Thursday, August 18, 2016
Homesick for My Childhood Home
I never thought as an adult I would be homesick when I already own a home, but lately I've been craving that familiar feeling of the old house I grew up in. The house is in a bad neighborhood of a big city and it has a good amount of wear and tear, but my father has lived in the house since 1950 and never left it. And now I want to return to it somehow too.
When I get very homesick I look up the house address on the photo view of Google Maps and just stare at it. I then click down through the old streets I used to walk to school to and some old hangouts. I sometimes wonder if other people get these kinds of longings for where they're from.
I was a product of a neighborhood where people weren't really supposed to "make it." When my grandparents bought the house in 1950 it was a very healthy family community, but urban blight took it over in the 1970s. Still, when my dad inherited it he decided to stay there. With the love of my family in that house I did well. And no matter how dangerous it was on the outside the inside made me feel secure, happy, and accepted. Of course I am whitewashing over the bad times, but I tend to wipe those scenes from my rose-colored glasses.
When I got into my early 20s as a commuter college student, however, I couldn't wait for the day I could move away for my last two years as a university boarding student. But ever since I graduated from college (many years ago) I got attached to that old place again. I haven't seen my parents in 2 1/2 years because the travel aspect is difficult for both them and us, but I should really make a trip soon. I miss them so much. Of course, this homesickness has much to do with them. I just want to give them a big hug. People don't get any younger, and I don't want them to slip away from my life either.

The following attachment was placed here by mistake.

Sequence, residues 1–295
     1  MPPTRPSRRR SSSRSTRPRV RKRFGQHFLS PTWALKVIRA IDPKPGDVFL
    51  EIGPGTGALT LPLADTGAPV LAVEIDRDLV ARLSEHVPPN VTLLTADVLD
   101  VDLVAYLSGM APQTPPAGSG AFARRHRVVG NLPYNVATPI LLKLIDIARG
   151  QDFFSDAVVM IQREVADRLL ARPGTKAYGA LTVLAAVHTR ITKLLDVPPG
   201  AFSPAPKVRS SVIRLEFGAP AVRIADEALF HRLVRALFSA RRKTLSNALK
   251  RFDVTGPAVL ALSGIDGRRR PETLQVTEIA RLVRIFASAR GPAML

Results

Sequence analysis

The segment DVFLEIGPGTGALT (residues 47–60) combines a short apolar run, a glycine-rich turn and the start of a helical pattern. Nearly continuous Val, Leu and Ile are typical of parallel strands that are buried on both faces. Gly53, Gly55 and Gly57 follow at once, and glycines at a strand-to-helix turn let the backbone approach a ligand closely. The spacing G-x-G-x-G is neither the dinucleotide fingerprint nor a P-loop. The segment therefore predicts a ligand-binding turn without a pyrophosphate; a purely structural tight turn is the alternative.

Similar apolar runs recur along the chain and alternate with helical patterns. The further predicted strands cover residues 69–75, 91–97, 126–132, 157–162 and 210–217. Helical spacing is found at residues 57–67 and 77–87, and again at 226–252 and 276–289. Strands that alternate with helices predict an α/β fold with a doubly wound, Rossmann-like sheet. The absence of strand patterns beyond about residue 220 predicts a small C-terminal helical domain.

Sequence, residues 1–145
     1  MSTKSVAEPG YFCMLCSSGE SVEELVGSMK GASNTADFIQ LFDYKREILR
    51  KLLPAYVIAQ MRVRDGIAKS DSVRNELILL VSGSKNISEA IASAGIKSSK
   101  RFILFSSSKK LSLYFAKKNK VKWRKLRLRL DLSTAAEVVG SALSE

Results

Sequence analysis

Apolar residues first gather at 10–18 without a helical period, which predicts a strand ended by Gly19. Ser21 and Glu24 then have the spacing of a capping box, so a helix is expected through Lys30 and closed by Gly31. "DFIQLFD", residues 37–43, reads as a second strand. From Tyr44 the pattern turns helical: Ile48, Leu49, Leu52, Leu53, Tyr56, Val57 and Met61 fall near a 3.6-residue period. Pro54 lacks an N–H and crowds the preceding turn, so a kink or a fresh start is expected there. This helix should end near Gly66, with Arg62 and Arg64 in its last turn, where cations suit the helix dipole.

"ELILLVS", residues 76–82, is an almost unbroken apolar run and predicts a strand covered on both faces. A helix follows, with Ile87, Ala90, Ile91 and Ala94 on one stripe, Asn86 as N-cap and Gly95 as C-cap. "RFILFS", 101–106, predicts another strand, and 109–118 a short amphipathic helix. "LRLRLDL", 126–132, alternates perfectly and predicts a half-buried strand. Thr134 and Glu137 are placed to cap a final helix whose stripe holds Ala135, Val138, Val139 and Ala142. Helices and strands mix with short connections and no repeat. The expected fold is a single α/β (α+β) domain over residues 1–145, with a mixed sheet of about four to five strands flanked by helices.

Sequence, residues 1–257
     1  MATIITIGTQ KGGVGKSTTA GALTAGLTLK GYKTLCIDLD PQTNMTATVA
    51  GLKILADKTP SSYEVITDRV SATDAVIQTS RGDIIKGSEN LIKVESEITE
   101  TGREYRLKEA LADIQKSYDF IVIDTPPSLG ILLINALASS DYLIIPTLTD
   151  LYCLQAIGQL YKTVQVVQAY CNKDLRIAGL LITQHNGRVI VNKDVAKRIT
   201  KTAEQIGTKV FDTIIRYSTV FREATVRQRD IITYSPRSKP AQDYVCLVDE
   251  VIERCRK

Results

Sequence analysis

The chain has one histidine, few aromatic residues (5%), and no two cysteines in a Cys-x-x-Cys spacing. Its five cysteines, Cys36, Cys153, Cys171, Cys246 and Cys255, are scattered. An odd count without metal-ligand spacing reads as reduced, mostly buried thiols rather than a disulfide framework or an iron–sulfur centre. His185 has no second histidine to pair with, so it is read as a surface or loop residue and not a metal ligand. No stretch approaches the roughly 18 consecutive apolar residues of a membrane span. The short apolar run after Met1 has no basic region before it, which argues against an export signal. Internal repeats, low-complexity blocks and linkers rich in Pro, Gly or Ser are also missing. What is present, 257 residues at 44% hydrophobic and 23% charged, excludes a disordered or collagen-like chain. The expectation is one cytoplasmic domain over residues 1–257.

My childhood home has been lived in so long it seems as if the belongings are part of the architecture. There is so much stuff in that house ... clothing, books, art class drawings I made for my parents back in 1987, nick-knacks, old furniture, shelves to the ceiling full of mementos and a few cats that like to climb them.
... just well-lived in. There are cracks in the ceilings, windows that lost their ability to stay lifted up, multiple layers of wall paint colors you can see when you try to strip a section, wood floor boards that are rotted and need to be replaced. But it's perfect to me because that's where I lived for most of my life. And even though I live in a well-kept neighborhood with a wonderful husband I don't have that long history of my life here.
It seems hard to leave it behind at times. But they say that you are supposed to move away and make your own life as an adult ...
I thought perhaps one day I could move my husband and I back into the house if I inherit it, but it seems it is going to be passed to my older brother, who also still lives there.
A few months ago I dug deeply into old census data to find out who lived in that home before my grandparents bought the house. It turns out that house dates back to at least 1870. All the census data from that period forward shows that it was lived in as a separate house, and apartment on the third floor -- and always rented, until my grandparents turned it into a home with a shop downstairs. The previous residents were often European immigrants who no doubt arrived for the jobs made plentiful by the industrial revolution.
When the neighborhood declined in the 1970s and became inconvenient and sometimes dangerous it was still a home to be loved on the inside. And for me now, loved from afar.
Do any of you ever miss your childhood home? Do you have a piece of personal history you'd like to share about it? I'd love to hear.